Tag Archives: blueprints

Blue Sunday

20 Sep

2 heads

A while back I began a new piece of artwork, quite an ambitious one using some of my sketchbook drawings of older women and a Victorian corset pattern to create a 3D piece in cyanotype, an archaic photographic technique. I cut the pieces from some lovely Somerset Velvet paper, 12 in all, and scanned and printed some of my drawings onto sheets of acetate (after reversing them in Photoshop so they are negatives). Yesterday, I coated the pieces of Somerset with the cyanotype chemicals and put them to dry overnight in a lightproof cupboard. And today I took them to Swansea Print Workshop to develop them in the UV Unit.

After exposing them for 6 minutes, I washed them face down to start the developing process then turned them over – you never know if it’s worked until this point. I’m delighted with them. They were drained for 10 minutes then I put them between sheets of tissue paper between low-density fibre drying boards.

washing 2

Next step is to assemble them and get them ready for the exhibition. More about that tomorrow……..

Blue Birds

17 Nov


I carried on with my cyanotype experiments. I have always used an ultraviolet unit to expose them in the past, which takes about 6 minutes. I wanted to see if I could expose them with natural light so I sandwiched two negatives between pieces of chemically treated paper and a sheet of glass and left them for 1 hour 45 minutes in a window in the afternoon sun. I’ve been told that it’s quicker in summer, around an hour.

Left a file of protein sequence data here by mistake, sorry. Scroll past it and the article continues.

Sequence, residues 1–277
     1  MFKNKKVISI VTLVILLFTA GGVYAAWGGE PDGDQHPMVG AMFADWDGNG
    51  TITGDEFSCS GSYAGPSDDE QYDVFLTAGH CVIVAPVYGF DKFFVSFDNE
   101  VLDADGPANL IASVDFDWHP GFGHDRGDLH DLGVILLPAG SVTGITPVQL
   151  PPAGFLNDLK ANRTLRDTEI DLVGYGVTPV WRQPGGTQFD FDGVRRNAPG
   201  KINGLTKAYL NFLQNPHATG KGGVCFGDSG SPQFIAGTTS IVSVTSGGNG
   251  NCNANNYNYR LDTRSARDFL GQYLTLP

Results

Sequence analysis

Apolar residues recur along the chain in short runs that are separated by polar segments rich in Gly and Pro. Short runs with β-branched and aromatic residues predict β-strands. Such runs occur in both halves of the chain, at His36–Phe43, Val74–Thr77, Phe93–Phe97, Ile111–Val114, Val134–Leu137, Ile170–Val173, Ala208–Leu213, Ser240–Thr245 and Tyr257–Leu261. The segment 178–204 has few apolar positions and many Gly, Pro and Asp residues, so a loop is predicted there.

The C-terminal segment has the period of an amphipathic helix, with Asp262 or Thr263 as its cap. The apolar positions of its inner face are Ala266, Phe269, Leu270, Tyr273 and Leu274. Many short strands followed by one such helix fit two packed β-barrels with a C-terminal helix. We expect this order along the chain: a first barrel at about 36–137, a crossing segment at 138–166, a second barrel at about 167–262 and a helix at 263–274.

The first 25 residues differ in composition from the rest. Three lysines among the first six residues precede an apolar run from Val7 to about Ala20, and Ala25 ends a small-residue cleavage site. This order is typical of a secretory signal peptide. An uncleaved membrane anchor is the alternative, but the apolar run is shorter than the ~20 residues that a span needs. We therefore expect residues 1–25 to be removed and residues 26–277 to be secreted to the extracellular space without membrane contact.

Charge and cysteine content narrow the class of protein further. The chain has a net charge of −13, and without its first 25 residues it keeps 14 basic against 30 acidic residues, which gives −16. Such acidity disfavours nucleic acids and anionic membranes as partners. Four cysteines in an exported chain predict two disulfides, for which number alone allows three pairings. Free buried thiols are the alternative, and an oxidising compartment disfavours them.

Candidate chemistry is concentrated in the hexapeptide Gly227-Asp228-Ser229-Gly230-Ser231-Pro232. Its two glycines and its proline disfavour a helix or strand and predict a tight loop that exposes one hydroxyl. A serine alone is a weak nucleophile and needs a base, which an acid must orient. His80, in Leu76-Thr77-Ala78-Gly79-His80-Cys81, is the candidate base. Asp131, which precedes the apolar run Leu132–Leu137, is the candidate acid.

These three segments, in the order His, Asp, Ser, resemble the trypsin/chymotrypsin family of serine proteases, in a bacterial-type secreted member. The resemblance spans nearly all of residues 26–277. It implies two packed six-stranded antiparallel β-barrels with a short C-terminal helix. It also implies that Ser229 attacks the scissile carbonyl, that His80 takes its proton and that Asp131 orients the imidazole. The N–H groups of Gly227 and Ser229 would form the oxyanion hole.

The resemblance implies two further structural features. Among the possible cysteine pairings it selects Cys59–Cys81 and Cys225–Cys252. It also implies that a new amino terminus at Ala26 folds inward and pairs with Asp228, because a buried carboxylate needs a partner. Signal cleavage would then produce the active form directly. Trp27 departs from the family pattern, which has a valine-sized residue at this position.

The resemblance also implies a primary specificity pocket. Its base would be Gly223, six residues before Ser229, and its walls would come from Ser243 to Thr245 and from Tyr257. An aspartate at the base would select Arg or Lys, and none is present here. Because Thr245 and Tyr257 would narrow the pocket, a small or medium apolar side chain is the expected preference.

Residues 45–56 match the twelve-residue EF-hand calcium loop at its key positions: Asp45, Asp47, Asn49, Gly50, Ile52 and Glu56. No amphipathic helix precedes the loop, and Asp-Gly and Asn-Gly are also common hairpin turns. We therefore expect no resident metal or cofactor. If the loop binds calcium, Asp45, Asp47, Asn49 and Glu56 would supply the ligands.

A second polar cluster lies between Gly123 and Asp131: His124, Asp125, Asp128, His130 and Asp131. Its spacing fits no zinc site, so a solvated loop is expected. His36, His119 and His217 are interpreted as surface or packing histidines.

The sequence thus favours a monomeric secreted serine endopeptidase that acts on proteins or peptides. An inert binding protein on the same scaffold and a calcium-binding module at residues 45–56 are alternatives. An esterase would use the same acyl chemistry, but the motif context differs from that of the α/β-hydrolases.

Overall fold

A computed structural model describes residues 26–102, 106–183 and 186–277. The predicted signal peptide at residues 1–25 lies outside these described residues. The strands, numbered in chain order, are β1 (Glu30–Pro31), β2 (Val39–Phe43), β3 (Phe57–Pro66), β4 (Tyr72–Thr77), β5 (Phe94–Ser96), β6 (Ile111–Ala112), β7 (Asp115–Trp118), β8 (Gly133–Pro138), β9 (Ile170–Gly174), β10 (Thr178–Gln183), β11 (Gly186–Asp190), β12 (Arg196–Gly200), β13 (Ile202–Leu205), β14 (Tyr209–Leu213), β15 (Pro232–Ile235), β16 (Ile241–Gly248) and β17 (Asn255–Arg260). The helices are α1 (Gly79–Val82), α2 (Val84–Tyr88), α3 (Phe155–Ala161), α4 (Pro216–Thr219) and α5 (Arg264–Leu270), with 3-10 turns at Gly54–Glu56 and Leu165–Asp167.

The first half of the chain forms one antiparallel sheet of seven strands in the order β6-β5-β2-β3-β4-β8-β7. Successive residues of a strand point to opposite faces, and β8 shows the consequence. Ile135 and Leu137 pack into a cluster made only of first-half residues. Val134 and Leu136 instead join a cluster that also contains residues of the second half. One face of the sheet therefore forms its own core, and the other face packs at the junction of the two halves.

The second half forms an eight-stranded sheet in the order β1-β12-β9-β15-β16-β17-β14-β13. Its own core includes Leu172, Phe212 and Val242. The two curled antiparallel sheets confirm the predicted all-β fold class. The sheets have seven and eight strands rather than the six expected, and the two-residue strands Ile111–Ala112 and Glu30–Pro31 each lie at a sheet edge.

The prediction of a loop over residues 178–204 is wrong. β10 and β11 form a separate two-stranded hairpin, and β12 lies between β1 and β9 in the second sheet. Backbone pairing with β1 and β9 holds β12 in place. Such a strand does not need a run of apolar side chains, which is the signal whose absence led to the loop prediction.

I developed them in cold water in the sink and I’m quite pleased with the results. The original images were small sketchbook drawings I did of pigeons some years ago. I scanned them and using Adobe Photoshop, reversed the image horizontally, inverted it into a negative and resized.

The Blues

11 Nov


Spent a happy few hours at Swansea Print Workshop this evening experimenting with cyanotype. I want to do some onto fabric rather than paper so I had to try out some different materials and methods of application today. I had three different fabrics; a very lightweight white muslin, a cream coloured stiff cotton and gesso-coated canvas. I cut 2 pieces of each and I dipped one of each pair into the liquid and squeezed it to remove the excess and brushed the cyanotype chemical onto the other. I used up the leftover chemicals on pieces of Somerset paper. Waste not want not.

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I had prepared some acetates as negatives by scanning some of my sketchbook drawings into Adobe Photoshop and inverting them before printing them out on an inkjet printer. I exposed these onto the dried coated fabrics and paper in the large ultraviolet unit at the print workshop for 6 minutes. Then I developed them in cold running water. At first, the prints are a greeny grey, then the blues start to come out. The best results were on the creamy stiff cotton and dipping gave better definition than brusing the chemicals on. The process bleached the cotton from cream to white, which I wasn’t expecting. Now I can begin to construct the final works.

Cyanotype is one of the earliest forms of photography, surviving into the 20th century as engineering blueprints. It’s now crossed over into fine art printmaking.

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